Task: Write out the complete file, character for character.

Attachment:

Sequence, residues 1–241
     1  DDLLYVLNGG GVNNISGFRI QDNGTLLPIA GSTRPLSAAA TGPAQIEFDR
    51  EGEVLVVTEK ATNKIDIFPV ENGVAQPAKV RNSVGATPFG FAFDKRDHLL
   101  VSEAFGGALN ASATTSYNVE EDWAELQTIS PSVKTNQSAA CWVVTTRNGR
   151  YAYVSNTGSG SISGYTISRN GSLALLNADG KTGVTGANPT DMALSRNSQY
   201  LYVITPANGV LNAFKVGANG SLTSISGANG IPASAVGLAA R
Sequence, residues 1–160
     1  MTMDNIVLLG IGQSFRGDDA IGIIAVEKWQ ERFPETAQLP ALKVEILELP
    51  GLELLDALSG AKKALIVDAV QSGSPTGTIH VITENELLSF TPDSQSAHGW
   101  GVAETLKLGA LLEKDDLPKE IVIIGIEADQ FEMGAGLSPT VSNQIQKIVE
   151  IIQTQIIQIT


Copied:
Sequence, residues 1–241
     1  DDLLYVLNGG GVNNISGFRI QDNGTLLPIA GSTRPLSAAA TGPAQIEFDR
    51  EGEVLVVTEK ATNKIDIFPV ENGVAQPAKV RNSVGATPFG FAFDKRDHLL
   101  VSEAFGGALN ASATTSYNVE EDWAELQTIS PSVKTNQSAA CWVVTTRNGR
   151  YAYVSNTGSG SISGYTISRN GSLALLNADG KTGVTGANPT DMALSRNSQY
   201  LYVITPANGV LNAFKVGANG SLTSISGANG IPASAVGLAA R
Sequence, residues 1–160
     1  MTMDNIVLLG IGQSFRGDDA IGIIAVEKWQ ERFPETAQLP ALKVEILELP
    51  GLELLDALSG AKKALIVDAV QSGSPTGTIH VITENELLSF TPDSQSAHGW
   101  GVAETLKLGA LLEKDDLPKE IVIIGIEADQ FEMGAGLSPT VSNQIQKIVE
   151  IIQTQIIQIT